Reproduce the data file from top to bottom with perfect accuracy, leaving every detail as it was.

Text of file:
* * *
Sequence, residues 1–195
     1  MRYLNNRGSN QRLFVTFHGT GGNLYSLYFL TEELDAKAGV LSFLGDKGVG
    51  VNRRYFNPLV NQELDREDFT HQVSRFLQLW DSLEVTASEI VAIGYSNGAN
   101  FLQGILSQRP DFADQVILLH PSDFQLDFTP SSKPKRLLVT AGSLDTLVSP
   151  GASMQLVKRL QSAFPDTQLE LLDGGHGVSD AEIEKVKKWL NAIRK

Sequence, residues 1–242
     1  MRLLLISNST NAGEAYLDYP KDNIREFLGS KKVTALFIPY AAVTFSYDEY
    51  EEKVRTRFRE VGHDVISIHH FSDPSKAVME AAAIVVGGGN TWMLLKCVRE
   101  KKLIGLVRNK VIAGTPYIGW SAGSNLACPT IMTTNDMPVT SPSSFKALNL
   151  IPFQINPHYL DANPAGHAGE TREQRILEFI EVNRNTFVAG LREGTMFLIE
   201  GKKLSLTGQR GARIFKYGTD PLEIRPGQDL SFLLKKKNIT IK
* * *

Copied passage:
Sequence, residues 1–195
     1  MRYLNNRGSN QRLFVTFHGT GGNLYSLYFL TEELDAKAGV LSFLGDKGVG
    51  VNRRYFNPLV NQELDREDFT HQVSRFLQLW DSLEVTASEI VAIGYSNGAN
   101  FLQGILSQRP DFADQVILLH PSDFQLDFTP SSKPKRLLVT AGSLDTLVSP
   151  GASMQLVKRL QSAFPDTQLE LLDGGHGVSD AEIEKVKKWL NAIRK

Sequence, residues 1–242
     1  MRLLLISNST NAGEAYLDYP KDNIREFLGS KKVTALFIPY AAVTFSYDEY
    51  EEKVRTRFRE VGHDVISIHH FSDPSKAVME AAAIVVGGGN TWMLLKCVRE
   101  KKLIGLVRNK VIAGTPYIGW SAGSNLACPT IMTTNDMPVT SPSSFKALNL
   151  IPFQINPHYL DANPAGHAGE TREQRILEFI EVNRNTFVAG LREGTMFLIE
   201  GKKLSLTGQR GARIFKYGTD PLEIRPGQDL SFLLKKKNIT IK